New Delhi: External Affairs Minister S Jaishankar has again said that India opted out of the Regional Comprehensive Economic Partnership (RCEP) because it saw that the trade deal would have adverse consequence for Asia’s third largest economy.
“We took a call that given the way it is currently, it is not in our interest to enter this agreement because it would have fairly immediate negative consequences for our own economy,” he said.
Jaishankar’s comments came in the midst of criticism of the government’s decision from some domestic trade and diplomatic circles.
“Essentially, we saw that a number of our key concerns were not addressed. We had to then take a call whether you enter a trade agreement if your major concerns are not addressed, or do you take a call saying
“…you are negotiating does not mean you have to suspend your ability to calculate at the end of the negotiation. I think we made those calculations.”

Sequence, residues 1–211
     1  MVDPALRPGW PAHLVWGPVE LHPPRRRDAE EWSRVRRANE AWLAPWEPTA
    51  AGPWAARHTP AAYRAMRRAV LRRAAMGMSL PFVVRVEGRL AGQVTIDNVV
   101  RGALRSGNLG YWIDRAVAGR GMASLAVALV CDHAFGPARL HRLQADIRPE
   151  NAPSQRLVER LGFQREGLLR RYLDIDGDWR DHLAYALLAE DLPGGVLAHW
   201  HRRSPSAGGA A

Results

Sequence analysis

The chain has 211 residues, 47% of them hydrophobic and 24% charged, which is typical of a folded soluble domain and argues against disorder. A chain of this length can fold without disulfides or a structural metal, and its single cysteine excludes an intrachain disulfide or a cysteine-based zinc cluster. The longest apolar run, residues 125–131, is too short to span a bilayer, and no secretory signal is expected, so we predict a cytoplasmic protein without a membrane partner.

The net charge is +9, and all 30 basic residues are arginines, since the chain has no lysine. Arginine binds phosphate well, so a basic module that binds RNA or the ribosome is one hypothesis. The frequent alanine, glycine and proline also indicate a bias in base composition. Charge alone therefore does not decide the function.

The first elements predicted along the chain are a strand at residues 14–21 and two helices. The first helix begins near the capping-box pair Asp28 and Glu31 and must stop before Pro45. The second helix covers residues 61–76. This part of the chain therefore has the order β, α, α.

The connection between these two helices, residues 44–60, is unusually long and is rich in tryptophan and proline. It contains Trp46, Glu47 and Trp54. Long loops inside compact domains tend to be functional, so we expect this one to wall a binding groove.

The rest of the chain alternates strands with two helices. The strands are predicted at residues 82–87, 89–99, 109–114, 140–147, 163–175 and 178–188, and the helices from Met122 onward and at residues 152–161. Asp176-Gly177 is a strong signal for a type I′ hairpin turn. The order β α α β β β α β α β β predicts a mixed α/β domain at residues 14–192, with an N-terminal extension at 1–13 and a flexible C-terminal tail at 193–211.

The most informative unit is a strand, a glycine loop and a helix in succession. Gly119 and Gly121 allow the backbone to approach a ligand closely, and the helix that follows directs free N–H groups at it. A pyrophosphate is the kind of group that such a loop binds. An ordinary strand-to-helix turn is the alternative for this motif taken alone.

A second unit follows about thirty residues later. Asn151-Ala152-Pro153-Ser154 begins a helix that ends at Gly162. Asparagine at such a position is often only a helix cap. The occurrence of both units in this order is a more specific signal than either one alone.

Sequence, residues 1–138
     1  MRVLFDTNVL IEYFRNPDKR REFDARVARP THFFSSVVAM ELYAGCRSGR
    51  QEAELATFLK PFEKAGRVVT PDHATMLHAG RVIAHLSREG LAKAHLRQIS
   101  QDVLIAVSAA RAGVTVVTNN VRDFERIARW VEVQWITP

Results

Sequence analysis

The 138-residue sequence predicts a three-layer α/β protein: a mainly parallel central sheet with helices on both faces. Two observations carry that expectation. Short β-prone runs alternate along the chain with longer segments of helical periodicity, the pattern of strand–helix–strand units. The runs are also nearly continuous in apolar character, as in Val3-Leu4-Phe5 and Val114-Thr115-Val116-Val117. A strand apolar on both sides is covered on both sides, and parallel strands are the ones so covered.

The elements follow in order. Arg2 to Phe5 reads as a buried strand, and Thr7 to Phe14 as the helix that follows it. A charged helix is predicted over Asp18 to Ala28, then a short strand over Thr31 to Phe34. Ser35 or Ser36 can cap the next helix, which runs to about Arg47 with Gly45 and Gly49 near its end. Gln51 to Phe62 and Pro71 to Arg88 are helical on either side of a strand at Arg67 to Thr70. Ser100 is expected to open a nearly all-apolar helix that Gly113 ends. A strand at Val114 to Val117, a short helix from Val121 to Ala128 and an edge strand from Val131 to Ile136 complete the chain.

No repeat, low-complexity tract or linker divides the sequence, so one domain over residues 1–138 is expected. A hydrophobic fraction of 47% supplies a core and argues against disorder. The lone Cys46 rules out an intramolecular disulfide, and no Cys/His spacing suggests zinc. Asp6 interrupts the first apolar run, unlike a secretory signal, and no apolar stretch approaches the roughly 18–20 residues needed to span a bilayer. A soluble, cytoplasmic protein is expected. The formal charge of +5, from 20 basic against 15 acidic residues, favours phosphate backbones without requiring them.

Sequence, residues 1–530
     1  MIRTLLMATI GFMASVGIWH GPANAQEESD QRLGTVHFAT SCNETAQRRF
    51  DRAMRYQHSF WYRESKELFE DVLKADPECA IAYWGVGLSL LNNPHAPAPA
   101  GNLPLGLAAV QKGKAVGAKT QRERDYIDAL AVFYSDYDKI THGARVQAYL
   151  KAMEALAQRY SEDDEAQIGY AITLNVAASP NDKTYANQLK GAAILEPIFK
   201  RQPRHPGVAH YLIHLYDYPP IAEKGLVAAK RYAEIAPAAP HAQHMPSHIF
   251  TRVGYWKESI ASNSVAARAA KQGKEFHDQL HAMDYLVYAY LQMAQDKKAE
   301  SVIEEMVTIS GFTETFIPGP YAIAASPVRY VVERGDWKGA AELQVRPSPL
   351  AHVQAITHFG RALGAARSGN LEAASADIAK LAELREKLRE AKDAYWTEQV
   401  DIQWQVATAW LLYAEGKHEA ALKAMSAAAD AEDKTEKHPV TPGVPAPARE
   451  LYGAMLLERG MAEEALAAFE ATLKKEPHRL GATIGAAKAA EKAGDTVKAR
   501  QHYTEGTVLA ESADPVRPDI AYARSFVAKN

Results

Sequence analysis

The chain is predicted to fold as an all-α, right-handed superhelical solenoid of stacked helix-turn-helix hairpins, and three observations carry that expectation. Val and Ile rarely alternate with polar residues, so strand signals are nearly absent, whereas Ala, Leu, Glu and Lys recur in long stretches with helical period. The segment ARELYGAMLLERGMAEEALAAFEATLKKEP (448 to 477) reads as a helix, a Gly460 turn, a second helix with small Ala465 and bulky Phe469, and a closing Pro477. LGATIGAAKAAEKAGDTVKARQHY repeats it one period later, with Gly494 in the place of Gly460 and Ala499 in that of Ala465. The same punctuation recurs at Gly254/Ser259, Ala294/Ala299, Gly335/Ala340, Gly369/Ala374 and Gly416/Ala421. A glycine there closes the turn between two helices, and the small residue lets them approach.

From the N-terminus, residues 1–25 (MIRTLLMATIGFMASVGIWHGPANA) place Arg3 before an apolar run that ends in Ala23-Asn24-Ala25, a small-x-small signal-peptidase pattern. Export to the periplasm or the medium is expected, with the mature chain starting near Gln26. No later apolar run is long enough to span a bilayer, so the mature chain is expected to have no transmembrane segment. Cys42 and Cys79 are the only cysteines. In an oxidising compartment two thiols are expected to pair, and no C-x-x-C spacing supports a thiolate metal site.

However, he added, “very frankly, what we did with regard to RCEP is not a generic position vis-a-vis trade. ”
The Minister was participating in an web discussion organised by the Brussels-based Centre for European Policy Studies on Wednesday.
Last Sunday, ten member-countries of the Association of Southeast Asian Nations (ASEAN) and five of their dialogue partners signed the RCEP agreement creating the world’s largest free trade block, after eight years of negotiations. India pulled out of the trade talks on the seventh year, 2017.
For India, the unmet concerns were inadequate protection against import surge, especially from China, lack of credible assurances to India on market access, non-tariff barriers and possible circumvention of rules of origin by certain countries.